New Arabian Studies - Vol. 3

New Arabian Studies - Vol. 3

New Arabian Studies - Vol. 3

New Arabian Studies - Vol. 3


New Arabian Studies is an international journal covering a wide spectrum of topics including geography, archaeology, history, architecture, agriculture, language, dialect, sociology, documents, literature and religion. It provides authoritative information intended to appeal to both the specialist and general reader. Both the traditional and the modern aspects of Arabia are covered, excluding contemporary controversial politics.

Contributions by

Hussein Abdullah al-Amri, Sami al-Sakkar, Ahmad 'Umar Al-Zayla'i, Charles Beckingham, Paolo M. Costa, W. J. Donaldson, Walter Dostal, Paul Dresch, Ronald E. Kon, H. T. Norris, Venetia Porter, Mikhail Rodionov, Jacques Ryckmans, Avihai Shivtiel, J.R. Smart, Clive Smith, G. Rex Smith, Yasir Suleiman and Daniel Martin Varisco


Professor R.B. Serjeant, a founding editor of both Arabian Studies and New Arabian Studies, died on 29th April 1993. The remaining editors, Dr Robin Bidwell, who himself died in June 1994, Professor G. Rex Smith, Mr J.R Smart and the then Production Editor, Mr B.R. Pridham, agreed that New Arabian Studies 3 should most appropriately become a Serjeant memorial volume. It was at once recognized that one or two essential articles would have to be written and reproduced in Arabic, although they wish to make it clear that this is not a practice that will continue in future issues of New Arabian Studies. The Editors invited Professor Husayn 'Abdallāh al-'Amrī of the University of Ṣan'ā' to join them to edit the two articles in Arabic which have eventually materialized in the present volume. The Editors are grateful to Professor al-'Amrī not only for his expert editorial skills, but also for the arrangements he made in Damascus for the camera-ready copying of the Arabic articles.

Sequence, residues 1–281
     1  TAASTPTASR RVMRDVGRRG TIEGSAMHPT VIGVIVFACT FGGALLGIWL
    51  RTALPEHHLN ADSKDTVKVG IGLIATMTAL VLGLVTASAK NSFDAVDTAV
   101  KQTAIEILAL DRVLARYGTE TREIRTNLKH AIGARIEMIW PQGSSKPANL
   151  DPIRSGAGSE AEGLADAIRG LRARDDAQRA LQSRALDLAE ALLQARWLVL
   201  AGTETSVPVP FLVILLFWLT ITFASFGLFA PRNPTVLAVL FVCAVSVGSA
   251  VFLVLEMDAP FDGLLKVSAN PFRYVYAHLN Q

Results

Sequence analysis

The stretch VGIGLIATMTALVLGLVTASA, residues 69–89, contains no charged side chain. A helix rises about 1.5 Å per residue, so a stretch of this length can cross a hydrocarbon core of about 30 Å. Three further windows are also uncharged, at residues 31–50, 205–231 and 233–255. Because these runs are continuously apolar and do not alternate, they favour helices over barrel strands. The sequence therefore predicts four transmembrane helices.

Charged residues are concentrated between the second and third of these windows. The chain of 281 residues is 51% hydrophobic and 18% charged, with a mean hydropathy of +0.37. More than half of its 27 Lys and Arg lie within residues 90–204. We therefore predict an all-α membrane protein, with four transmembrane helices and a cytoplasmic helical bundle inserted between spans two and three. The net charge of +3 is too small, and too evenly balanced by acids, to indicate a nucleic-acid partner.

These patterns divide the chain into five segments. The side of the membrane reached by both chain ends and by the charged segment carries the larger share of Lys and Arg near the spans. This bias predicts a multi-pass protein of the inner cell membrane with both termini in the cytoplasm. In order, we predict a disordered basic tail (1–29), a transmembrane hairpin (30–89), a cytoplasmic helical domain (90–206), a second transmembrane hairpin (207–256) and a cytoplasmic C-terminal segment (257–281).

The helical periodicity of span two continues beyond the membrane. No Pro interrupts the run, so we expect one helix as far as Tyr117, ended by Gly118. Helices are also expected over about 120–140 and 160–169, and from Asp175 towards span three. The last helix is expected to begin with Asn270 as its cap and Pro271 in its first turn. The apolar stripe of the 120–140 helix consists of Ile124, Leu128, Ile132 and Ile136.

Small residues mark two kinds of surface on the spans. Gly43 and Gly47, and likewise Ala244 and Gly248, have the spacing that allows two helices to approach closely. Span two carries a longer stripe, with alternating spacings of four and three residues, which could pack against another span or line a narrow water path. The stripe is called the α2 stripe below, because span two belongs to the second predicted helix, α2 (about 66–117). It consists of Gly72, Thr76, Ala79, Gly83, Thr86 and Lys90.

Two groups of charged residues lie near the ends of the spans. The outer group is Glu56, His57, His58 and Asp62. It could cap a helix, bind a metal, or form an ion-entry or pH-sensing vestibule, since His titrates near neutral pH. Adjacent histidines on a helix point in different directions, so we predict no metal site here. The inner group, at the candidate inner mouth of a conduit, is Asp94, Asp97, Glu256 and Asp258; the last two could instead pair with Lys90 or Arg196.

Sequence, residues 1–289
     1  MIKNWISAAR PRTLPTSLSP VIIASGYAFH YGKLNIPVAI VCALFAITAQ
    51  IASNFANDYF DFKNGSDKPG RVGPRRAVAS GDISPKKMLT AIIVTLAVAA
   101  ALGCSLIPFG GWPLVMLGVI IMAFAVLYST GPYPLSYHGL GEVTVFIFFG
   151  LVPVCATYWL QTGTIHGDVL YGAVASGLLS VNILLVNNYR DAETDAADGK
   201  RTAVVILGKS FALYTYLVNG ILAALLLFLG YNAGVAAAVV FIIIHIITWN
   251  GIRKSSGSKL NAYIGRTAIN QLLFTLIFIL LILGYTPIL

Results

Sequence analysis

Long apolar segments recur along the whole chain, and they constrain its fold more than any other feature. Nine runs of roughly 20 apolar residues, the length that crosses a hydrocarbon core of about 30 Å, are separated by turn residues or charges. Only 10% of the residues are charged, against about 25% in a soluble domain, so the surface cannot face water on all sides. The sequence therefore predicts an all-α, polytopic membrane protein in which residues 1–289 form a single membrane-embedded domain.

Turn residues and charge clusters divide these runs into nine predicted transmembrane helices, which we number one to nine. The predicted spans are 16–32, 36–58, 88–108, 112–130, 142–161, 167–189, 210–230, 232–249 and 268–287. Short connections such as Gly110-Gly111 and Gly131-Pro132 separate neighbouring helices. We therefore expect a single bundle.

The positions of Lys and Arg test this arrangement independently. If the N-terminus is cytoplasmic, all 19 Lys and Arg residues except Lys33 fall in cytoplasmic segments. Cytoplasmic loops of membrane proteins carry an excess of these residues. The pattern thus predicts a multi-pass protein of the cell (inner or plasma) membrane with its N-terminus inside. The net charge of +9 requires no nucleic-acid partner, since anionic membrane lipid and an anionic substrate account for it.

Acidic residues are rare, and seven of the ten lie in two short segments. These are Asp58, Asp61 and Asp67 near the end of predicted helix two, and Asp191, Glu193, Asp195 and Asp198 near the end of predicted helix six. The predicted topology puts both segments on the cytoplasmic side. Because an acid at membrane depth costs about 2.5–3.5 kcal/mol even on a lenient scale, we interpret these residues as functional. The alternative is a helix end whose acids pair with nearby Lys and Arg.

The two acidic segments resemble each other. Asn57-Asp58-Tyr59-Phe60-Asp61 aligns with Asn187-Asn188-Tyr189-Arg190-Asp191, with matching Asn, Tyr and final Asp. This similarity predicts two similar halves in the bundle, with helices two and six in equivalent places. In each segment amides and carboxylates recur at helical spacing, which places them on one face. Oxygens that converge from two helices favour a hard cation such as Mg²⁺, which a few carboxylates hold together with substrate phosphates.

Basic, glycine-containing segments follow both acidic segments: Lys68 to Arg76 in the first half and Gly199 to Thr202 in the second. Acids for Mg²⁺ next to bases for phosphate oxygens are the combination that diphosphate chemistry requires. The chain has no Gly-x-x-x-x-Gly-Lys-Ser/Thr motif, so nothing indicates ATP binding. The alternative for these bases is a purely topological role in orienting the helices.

The Editors are delighted at the response to their invitations to the colleagues and pupils of Bob Serjeant who were asked to contribute to this volume and they wish to record their gratitude here. It has resulted in a truly international volume with Yemeni, Austrian, Italian, American, Russian, Belgian, Iraqi, Saudi Arabian, Palestinian and Dutch scholars joining their British colleagues in the pages below to pay tribute to Serjeant's unequalled scholarship.

The instruction given to invitees was, wherever possible, that they should keep their contributions within the field of Arabian Studies as understood as the editorial policy of Arabian Studies and its successor, New Arabian Studies. Most have been able to conform to that wish, though the reader will note that two or three may have fallen somewhat outside the field of Arabian studies pur sang. The Editors wish to make it clear that this does not represent a change of policy on their part; this is a special volume and the rules have been bent slightly to allow in this tribute to Serjeant articles which . . .

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